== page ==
Sam Tanenhaus Crosses the Line Between Advertising and Editorial

If there was any doubt that Sam Tanenhaus lacked integrity after his unethical assignment of John Dean to review Mark Felt’s memoir, Galleycat uncovers this disgraceful juxtaposition of an ad for Jonathan Franzen’s The Discomfort Zone running on the same page as a letter from Tom Bissell gushing about Franzen. (Bissell’s letter is in response to Daniel Mendelsohn’s review.) I observed two weeks ago that the timeliness of this review was suspect. (Mendelsohn’s review appeared almost two months after the book was reviewed by Michiko Kakutani.) Whether this had any bearing on securing the ad, only the folks inside the NYTBR will know for sure.

Even so, I haven’t seen such an obvious shill since the infamous Target-sponsored New Yorker. Ron Hogan emailed Sam Tanenhaus and Tanenhaus responded, “We don’t see any ads until we close” and further noted that “letters are neutral space, unlike reviews.” Except, of course, that Tom Bissell’s letter engages in highly subjective language that is a bit more than “neutral.”

Yeah. My dog ate my homework too.

Sam Tanenhaus sincerely believes that the NYTBR is the best newspaper book review section in the nation. But his continued incompetence leads me to believe that he doesn’t care about journalistic integrity and that he lacks even the forethought, something that every journalism major is aware of, to switch an ad like this to another page. That’s too bad. The NYTBR used to be something worth reading. Now, it’s just a joke.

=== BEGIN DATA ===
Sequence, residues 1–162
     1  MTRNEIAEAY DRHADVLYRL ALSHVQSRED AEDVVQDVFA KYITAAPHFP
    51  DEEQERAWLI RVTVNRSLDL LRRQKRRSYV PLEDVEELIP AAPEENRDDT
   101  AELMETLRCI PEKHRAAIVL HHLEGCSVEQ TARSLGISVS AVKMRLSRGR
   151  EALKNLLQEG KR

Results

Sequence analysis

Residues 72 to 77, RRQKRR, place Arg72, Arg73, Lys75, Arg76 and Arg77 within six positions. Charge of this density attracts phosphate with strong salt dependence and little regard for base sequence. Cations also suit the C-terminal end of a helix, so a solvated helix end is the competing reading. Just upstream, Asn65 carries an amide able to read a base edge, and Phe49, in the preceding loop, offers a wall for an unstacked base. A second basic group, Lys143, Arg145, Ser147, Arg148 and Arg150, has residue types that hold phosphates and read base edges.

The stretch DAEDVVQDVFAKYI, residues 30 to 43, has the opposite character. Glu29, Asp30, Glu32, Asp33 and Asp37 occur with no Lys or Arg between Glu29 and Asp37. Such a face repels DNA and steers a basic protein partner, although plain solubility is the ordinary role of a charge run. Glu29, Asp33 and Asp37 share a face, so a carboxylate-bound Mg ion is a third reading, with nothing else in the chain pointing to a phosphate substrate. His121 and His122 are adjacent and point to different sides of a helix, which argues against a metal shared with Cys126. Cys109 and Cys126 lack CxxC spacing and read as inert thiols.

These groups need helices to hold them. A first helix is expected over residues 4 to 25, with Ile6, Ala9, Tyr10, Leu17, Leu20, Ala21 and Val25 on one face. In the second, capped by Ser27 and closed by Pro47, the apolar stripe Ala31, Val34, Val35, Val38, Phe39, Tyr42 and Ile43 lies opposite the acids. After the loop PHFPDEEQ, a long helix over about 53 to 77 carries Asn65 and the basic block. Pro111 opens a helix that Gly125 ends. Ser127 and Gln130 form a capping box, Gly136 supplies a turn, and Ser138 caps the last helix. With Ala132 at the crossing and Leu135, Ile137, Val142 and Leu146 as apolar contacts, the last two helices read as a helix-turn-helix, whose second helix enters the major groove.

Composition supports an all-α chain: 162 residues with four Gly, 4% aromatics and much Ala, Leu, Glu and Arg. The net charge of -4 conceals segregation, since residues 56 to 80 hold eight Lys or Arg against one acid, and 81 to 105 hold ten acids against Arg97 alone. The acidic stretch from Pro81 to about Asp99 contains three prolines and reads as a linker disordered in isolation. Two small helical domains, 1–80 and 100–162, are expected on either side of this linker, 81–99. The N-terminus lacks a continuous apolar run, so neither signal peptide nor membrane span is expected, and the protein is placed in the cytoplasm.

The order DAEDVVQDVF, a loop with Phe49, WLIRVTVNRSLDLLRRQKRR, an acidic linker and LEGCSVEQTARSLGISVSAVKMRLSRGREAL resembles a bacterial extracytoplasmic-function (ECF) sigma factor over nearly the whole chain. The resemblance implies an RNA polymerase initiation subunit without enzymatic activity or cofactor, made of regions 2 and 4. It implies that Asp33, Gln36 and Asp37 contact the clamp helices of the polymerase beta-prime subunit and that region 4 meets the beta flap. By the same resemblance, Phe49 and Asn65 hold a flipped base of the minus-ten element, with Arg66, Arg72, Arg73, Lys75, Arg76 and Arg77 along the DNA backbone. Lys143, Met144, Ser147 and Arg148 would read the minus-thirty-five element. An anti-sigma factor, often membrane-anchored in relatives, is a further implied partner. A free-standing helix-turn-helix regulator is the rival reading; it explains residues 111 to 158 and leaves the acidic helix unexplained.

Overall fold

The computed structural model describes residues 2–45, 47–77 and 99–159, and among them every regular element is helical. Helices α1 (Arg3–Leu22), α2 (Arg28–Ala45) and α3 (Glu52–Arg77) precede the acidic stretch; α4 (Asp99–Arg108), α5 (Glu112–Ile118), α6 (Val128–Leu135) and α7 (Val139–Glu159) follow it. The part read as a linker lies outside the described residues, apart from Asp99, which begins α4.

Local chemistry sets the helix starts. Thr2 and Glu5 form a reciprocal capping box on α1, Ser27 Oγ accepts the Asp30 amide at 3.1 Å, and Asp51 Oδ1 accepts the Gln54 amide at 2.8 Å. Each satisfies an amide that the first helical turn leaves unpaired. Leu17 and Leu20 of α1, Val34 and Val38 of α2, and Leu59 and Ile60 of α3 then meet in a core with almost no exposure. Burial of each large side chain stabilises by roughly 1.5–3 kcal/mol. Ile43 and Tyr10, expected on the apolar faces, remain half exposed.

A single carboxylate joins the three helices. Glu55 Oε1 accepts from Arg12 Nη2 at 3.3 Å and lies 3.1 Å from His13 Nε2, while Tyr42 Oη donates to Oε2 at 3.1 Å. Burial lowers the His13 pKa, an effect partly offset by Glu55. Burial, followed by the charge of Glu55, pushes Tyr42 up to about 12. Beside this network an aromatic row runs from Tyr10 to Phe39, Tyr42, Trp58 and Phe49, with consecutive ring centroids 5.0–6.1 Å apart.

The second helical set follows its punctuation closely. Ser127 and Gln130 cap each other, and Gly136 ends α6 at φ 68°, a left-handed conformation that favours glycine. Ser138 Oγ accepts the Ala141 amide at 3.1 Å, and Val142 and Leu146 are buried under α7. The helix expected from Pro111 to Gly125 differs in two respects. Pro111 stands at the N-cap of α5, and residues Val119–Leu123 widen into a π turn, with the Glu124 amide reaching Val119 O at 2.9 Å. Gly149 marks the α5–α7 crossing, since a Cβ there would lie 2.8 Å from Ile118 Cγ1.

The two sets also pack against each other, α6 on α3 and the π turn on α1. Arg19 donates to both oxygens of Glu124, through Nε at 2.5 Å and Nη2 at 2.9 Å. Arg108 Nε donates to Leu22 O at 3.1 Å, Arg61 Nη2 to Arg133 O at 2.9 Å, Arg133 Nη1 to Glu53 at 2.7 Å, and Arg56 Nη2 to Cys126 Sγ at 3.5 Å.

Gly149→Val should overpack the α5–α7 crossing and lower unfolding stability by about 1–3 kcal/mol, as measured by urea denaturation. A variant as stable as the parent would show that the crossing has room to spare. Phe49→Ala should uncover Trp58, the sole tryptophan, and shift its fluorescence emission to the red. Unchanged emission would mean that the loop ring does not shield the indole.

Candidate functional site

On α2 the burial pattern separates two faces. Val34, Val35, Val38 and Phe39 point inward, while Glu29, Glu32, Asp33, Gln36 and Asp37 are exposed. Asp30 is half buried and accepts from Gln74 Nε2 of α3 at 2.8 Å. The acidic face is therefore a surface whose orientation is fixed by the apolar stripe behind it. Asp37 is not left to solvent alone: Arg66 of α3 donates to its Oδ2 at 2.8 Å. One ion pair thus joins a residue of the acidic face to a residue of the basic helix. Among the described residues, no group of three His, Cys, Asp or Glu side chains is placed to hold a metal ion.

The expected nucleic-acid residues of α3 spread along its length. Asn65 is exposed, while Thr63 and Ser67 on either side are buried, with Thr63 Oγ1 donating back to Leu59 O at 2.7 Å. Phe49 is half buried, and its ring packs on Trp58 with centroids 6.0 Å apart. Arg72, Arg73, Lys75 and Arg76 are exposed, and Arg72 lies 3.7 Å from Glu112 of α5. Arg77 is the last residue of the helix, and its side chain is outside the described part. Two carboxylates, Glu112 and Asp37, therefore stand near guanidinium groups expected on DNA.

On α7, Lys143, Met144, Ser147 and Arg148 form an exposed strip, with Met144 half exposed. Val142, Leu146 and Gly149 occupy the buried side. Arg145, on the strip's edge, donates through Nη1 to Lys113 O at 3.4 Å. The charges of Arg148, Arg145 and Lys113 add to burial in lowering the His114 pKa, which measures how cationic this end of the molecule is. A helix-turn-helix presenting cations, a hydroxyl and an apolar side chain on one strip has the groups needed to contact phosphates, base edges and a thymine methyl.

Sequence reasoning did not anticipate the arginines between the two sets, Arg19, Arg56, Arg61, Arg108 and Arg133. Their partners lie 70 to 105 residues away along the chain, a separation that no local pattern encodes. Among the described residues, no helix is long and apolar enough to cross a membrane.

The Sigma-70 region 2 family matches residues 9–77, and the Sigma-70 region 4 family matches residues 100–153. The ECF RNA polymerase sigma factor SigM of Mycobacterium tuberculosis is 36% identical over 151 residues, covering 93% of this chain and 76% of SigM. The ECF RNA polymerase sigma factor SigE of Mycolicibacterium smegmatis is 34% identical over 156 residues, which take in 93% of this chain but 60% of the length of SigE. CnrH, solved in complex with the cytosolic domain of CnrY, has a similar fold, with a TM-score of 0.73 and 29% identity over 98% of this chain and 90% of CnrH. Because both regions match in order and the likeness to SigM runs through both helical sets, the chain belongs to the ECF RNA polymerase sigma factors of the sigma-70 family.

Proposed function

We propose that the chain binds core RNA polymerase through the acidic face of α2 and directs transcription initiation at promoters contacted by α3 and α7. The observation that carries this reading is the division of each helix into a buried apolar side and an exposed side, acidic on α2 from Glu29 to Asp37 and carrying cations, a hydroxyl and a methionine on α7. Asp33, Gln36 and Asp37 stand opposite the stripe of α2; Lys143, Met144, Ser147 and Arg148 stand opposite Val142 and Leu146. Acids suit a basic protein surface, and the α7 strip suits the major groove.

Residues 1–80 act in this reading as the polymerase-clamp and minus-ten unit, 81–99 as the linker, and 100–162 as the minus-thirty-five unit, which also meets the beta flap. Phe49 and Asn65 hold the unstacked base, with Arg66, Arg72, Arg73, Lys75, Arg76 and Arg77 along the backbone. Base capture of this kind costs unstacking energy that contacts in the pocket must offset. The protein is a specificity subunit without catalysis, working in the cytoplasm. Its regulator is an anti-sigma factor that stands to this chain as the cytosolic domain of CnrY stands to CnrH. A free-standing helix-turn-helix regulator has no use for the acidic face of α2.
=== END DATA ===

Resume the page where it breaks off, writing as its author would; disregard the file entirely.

[To offer something Tanenhaus’s way, I will say that the new issue has some interesting coverage. For example, how many review sections have you seen containing a full review of Fowles’ second notebook? But Tanenhaus interviewing Amy Sedaris in this week’s podcast is semi-disastrous, simply because Tanenhaus’s gruff interrogative questioning style is at odds with his desperate efforts to show how hip he is. Here’s a hint, Sam: loosen up. Also: What the fuck, Henry Alford?]


  1. Ad placement aside . . . gushing? About the only gushing thing I say is that Franzen is much funnier than Mendelsohn lets on. Hardly a geyser. My letter was written in response to a review that crossed more lines than Route 66, that went after Jonathan Franzen, human being, rather than Jonathan Franzen, writer (who is fair game). And if the ad is the result of some sort of integrity-souring conspiracy, wouldn’t you say, given the thrashing the Times has twice now given Mr. Franzen, it’s rather byzantine? From my days of having worked on the editorial side of things, I can pretty much guarantee you that that letters-section ad space was purchased long before I wrote my epistle last week. I think this is all an unseemly coincidence. My two cents, anyway. Cheers,

  2. I would certainly concur with Mr. Bissell, and see no reason not to take the explanation Mr. Tanenhaus gave me at face value.

    The real shame is that nobody is discussing how profoundly wrongheaded Mendelsohn’s interpretation of Peanuts is, or criticizing his slam of Charles Schulz as “this repugnant person.”

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